via Brainless Tales
Who did you send that to?
This sentence is grammatically incorrect. It seems innocuous enough, but it is wrong. What to do?
Should you correct people’s use of who versus whom, misusing literally, or saying nucular? This is an interesting social phenomenon—many people have very strong feelings about correcting other people’s language use. The company Grammarly recently posted a poll to its twitter feed asking:
It immediately struck me: this is a total share your thoughts ~ hold your thoughts scenario!
There are times when it is helpful and expected to share your thoughts with others, and there are times when it will be considered rude and could upset people. So when do you hold which thoughts?
First, let’s look at the results:
Have you ever had an experience like this:
You’re working with a group of people, and there’s a long discussion about the best way to solve a problem. One person wants A, another person wants B, a third person wants C… but you know the best option: it’s Z! It’s so obvious! You think to yourself, It would be SO much easier and faster if everyone just listened to my idea!
Everyone has ideas and thoughts and reactions. And we usually think our ideas are the right ones, the best ones, the ones that make the most sense. Trouble is, other people are probably thinking the same thing!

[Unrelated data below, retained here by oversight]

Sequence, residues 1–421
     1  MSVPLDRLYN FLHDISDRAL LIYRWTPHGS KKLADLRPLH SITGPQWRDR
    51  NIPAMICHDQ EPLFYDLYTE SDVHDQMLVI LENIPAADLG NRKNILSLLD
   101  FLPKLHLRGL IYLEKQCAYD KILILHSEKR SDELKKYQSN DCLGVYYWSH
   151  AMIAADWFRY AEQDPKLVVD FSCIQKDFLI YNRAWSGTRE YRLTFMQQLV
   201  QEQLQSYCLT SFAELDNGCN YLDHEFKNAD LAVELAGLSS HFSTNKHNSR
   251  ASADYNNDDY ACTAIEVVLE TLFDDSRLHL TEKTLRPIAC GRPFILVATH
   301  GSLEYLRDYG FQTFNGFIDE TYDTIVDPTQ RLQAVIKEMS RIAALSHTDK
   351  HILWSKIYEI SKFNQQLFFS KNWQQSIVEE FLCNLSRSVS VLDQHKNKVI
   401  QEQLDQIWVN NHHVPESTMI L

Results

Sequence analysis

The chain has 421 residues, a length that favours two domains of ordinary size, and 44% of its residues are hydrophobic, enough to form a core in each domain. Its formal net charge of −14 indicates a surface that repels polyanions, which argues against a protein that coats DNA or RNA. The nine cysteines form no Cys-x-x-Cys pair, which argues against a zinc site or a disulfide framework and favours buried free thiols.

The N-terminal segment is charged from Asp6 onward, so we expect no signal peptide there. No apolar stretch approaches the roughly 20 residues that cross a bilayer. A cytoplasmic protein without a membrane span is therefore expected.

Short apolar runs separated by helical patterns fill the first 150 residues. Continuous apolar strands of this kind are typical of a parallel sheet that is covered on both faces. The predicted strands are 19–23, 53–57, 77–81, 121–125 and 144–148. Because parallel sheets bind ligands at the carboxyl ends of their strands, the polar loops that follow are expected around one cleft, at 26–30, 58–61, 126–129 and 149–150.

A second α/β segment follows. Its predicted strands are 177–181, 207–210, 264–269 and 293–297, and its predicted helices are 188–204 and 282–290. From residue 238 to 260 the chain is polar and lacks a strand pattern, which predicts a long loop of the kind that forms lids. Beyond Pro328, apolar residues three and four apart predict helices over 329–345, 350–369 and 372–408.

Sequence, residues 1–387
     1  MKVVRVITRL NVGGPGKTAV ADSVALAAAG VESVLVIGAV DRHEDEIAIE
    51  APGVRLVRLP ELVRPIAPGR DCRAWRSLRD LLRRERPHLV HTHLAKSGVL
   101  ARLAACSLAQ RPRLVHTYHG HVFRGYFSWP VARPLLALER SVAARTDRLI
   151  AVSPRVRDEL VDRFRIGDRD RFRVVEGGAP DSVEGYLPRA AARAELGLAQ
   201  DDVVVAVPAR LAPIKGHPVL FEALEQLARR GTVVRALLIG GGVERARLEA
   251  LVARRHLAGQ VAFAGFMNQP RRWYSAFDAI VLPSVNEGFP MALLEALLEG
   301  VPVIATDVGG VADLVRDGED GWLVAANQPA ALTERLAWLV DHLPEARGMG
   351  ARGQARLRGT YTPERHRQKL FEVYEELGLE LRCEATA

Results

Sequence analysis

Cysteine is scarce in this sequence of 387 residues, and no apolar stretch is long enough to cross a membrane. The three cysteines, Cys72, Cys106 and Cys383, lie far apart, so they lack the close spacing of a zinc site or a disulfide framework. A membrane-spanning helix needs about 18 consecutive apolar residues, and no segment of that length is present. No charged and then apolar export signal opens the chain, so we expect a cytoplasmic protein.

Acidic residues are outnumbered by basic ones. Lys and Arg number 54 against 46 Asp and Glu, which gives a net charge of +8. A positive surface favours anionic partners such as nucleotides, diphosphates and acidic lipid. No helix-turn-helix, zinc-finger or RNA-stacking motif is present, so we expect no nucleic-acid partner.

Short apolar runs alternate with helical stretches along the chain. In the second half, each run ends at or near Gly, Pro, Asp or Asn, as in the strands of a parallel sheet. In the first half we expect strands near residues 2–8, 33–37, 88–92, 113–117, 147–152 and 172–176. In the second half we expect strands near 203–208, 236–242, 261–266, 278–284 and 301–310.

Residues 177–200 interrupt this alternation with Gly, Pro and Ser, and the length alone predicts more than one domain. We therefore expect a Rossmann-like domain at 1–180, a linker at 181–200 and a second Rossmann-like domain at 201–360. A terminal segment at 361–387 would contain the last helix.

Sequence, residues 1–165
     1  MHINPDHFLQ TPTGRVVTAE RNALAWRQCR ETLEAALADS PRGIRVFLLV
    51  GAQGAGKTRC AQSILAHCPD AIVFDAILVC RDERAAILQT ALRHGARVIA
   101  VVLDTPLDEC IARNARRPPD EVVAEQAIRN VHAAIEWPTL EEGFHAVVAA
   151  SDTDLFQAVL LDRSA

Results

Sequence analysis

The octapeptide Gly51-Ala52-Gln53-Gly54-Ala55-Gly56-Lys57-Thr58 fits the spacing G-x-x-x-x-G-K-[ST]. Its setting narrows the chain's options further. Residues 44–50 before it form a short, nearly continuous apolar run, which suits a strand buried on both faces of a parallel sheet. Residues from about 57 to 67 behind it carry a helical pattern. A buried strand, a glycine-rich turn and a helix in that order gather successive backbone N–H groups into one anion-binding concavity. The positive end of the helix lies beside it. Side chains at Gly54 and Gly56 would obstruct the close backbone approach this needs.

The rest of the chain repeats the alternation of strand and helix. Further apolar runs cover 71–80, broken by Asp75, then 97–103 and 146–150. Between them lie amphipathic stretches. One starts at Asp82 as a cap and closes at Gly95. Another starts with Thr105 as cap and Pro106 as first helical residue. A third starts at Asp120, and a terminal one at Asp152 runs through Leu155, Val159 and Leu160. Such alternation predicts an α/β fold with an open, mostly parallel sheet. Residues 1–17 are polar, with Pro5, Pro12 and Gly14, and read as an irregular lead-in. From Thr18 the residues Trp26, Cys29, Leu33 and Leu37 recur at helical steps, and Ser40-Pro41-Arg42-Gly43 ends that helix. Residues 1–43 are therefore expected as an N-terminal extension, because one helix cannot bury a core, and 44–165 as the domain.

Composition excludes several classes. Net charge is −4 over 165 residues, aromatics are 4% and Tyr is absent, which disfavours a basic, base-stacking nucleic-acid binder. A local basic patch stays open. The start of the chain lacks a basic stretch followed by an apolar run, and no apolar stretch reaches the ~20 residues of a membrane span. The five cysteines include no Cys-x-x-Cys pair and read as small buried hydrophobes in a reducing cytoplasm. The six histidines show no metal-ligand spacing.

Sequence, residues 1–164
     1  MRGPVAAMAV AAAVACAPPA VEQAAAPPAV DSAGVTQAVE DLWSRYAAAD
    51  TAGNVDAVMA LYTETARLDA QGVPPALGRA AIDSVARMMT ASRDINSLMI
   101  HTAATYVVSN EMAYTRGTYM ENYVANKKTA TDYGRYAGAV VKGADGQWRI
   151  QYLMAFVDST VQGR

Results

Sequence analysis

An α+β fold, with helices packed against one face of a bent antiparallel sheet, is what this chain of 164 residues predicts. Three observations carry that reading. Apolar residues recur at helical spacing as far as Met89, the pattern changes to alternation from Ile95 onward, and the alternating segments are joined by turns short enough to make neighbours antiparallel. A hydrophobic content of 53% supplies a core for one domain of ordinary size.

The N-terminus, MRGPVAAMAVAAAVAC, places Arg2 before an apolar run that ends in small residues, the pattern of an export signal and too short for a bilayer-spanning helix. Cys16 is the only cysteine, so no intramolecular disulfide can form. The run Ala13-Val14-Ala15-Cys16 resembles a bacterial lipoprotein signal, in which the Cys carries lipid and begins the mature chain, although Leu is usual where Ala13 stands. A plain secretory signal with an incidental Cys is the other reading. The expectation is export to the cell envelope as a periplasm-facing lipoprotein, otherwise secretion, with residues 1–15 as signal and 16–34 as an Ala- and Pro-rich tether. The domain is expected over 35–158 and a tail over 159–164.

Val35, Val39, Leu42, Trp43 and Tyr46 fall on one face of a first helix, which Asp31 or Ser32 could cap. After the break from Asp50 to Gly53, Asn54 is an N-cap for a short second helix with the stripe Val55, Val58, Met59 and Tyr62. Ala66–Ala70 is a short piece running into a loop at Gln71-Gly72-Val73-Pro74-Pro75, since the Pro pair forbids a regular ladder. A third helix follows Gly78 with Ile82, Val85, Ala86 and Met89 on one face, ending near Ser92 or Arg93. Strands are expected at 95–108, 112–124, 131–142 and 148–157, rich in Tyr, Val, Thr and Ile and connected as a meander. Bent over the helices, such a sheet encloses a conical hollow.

This is just one of several things to consider when deciding whether or not to share your idea with the group. As with many things, a good way to inform that decision is to find a balance!
Finding a Balance Between Sharing a Thought and Holding a Thought
Not everyone finds it easy to meet new people. Many neurotypical adults have the realization after college that they don’t really know how to make friends. For people with autism, social challenges and differences in thinking style can make meeting people even more difficult.
I’ve found it helpful to discuss the concept of meeting people in a new group using a handy analogy: finding a balance.
Finding a Balance Between
Revealing Information and Holding Back
Whether your first day at a new school, a new job, or a new club, we join new groups relatively frequently. Each group has its own dynamic—it’s own way that the people involved tend to interact. And it can be extremely complex to figure out every group’s expectations of what to say, how to act, whether to be funny or serious, relaxed or focused.
One of the concepts I’ve worked on with students with ASD when joining a new group is the balance of revealing information about yourself and holding back information. Like with all balance challenges, either extreme can cause predictable problems.